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How To Make Your Marriage a Priority In a Blended Family

Posted on Sep 20, 2017

When couples have children, they make children a priority and for good reason as the child depends on you for their every need, but we often forget about our significant other, and 5 years later we wonder why our marriage is on the rocks. Making your marriage a priority is important in any family, especially with blended families. Here are some tips that will help blending your family go more smoothly: Build a healthy relationship your ex. We’re not saying you have to go on vacation or spend a lot of time together, but having the lines of communication open with former partners about pick-up times, family emergencies and money responsibilities will help to make your life easier and prevent future stress within your relationship. Plus, who wants to argue with their ex all the time? Make date night a priority. Schedule date night on a weekly, bi-weekly, or monthly basis- whatever works best for your relationship. Book a babysitter and take turns planning a date for each other. This will help to keep things fresh and exciting within your relationship. Keeping a consistent date night schedule will also contribute to building trust which strengthens the relationship. Keep the date nights flowing! Spend time together as a family. Gather your blended family and go out for a pizza night, to the movies, or a weekend getaway. Establishing that you are a family unit regardless of parental status (stepparent, etc.) will help each member of the family feel like part of a unit. It will show your spouse you are committed to being a part of their child’s life, which helps to further bond your marriage. Bowling, anyone? Making your marriage a priority in a blended family is vital for the health of your relationship and family unit. Think of new and creative ways to spend time together with your spouse and family, because when each member of the family feels included, happy, and trusting it will help to strengthen the bond you have with your spouse. Always remember, love grows where you water it....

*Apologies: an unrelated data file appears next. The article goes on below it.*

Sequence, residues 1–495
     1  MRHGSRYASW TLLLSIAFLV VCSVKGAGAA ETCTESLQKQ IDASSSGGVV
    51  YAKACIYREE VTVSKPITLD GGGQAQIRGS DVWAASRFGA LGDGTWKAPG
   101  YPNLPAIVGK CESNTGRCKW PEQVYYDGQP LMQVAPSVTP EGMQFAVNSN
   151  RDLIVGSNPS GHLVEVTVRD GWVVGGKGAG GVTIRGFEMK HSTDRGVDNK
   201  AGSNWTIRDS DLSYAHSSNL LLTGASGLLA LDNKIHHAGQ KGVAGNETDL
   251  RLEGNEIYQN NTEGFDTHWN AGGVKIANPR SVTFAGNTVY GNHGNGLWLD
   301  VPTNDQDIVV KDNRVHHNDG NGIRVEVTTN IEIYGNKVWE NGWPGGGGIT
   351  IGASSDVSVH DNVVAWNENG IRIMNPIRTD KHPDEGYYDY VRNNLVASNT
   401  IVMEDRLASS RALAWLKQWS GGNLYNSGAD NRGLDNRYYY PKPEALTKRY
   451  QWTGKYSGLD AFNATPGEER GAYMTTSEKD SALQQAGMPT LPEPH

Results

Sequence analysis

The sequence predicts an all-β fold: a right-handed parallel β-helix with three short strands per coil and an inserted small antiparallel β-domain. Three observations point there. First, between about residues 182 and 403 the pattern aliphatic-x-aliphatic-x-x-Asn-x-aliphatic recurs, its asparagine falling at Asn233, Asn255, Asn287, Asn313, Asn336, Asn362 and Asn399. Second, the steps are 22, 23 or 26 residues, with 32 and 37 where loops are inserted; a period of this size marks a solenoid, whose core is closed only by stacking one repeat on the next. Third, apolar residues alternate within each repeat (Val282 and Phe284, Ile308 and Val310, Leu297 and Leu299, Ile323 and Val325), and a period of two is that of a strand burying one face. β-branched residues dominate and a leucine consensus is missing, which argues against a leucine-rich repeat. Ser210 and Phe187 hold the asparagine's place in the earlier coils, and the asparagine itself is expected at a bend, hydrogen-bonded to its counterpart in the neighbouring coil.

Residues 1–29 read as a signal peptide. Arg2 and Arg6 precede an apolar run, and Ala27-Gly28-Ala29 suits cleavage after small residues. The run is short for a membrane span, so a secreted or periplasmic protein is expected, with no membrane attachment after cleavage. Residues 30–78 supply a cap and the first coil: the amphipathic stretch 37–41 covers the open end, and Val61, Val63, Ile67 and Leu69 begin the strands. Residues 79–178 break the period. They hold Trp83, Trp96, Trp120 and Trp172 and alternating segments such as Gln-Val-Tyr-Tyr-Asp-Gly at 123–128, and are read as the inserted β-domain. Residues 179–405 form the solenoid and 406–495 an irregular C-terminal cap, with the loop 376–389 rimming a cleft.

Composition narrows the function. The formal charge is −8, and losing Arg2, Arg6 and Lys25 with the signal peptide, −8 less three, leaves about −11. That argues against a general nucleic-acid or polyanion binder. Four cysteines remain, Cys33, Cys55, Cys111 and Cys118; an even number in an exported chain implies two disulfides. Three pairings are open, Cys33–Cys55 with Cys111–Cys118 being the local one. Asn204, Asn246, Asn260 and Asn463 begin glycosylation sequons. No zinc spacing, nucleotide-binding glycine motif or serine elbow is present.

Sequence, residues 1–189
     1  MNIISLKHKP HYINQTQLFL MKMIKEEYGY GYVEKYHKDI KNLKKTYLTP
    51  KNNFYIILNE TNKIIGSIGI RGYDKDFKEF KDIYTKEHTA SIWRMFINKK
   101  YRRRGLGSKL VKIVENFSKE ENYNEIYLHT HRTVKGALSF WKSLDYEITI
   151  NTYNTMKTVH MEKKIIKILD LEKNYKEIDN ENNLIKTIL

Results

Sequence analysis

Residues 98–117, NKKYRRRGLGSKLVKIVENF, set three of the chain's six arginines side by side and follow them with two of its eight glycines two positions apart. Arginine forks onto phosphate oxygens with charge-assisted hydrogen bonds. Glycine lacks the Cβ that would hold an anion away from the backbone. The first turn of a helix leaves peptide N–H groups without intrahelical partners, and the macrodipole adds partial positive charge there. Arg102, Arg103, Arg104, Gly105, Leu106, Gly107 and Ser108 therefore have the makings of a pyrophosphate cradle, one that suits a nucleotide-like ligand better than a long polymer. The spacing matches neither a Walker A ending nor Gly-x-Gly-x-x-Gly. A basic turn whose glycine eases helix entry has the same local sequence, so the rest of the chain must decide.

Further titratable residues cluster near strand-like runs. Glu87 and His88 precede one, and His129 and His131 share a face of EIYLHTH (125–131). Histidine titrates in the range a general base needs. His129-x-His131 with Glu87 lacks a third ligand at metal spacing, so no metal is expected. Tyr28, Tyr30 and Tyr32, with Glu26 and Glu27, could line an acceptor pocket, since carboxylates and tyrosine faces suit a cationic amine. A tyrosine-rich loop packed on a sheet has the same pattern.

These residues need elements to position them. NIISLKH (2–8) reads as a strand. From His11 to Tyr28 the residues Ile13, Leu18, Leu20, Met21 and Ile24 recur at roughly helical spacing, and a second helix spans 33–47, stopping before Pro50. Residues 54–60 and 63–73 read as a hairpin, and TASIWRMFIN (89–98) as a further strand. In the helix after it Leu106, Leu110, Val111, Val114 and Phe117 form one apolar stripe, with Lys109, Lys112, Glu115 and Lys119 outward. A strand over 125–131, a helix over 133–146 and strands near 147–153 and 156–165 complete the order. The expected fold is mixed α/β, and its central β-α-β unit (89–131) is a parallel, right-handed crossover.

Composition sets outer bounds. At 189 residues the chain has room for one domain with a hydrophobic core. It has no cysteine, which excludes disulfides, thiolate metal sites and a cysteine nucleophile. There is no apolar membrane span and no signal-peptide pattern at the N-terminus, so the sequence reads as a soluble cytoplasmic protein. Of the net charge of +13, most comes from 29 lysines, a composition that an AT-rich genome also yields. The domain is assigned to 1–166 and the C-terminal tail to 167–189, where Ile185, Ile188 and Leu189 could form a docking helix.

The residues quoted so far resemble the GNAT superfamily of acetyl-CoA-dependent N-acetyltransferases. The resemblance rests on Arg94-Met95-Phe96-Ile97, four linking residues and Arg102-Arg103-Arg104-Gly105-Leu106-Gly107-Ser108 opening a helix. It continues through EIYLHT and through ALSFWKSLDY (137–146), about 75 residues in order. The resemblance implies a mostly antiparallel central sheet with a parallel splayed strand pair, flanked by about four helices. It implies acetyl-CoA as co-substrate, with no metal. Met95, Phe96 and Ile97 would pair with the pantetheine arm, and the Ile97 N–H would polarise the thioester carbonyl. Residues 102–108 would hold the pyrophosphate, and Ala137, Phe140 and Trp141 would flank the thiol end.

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4 Tips For Helping An Anxious Partner

Posted on Sep 18, 2017

Anxiety is a mental health condition classified by ongoing feelings of worry and feeling overwhelmed; it can keep those who are suffering from living life fully because they live in fear. Living with anxiety on a daily basis is crushing. Anxiety can also impact our loved ones, our family, friends, and partner. Navigating how to support an anxious partner is confusing, and can hinder the relationship if lines of communication are not open. Four tips for helping an anxious partner: Ask them how you can help: Often we help others the way we want to be helped. Some of us like to be helped with acts of service, while others want alone time. Ask your partner how you can help them, and listen. If you partner has a panic attack ask them if they would like a hug or to be left alone. Try to accommodate their needs. This also helps to open the lines of communication and build trust in the relationship. Get them help: If they are struggling and unable to function day to day, it is time to seek help from a doctor or mental health professional. If your partner has a history of anxiety, they may know therapies or medications that worked for them in the past. Talk to them about seeing their doctor and getting in to see a therapist. Do something they love: Anxiety can become all-consuming, and managing day-to-day tasks can be daunting. Take your partner out of their daily routine and do something they love. If they enjoy movies, rent a few and watch them at home, or maybe they are a foodie- make reservations at a restaurant they’ve wanted to try. Take care of yourself: Caretakers can get burnt out quickly, make time to schedule self-care into your routine. A 10-minute walk around the neighborhood can help you de-stress. When you are taking care of yourself, you are better able to care for others. Anxiety is not something that goes away overnight, and for those who have a history of anxiety, it is a lifelong journey that may include different medications and therapies. Be patient with your partner and offer your support, kindness and love mean the world to those struggling with anxiety. Sometimes your presence alone is enough....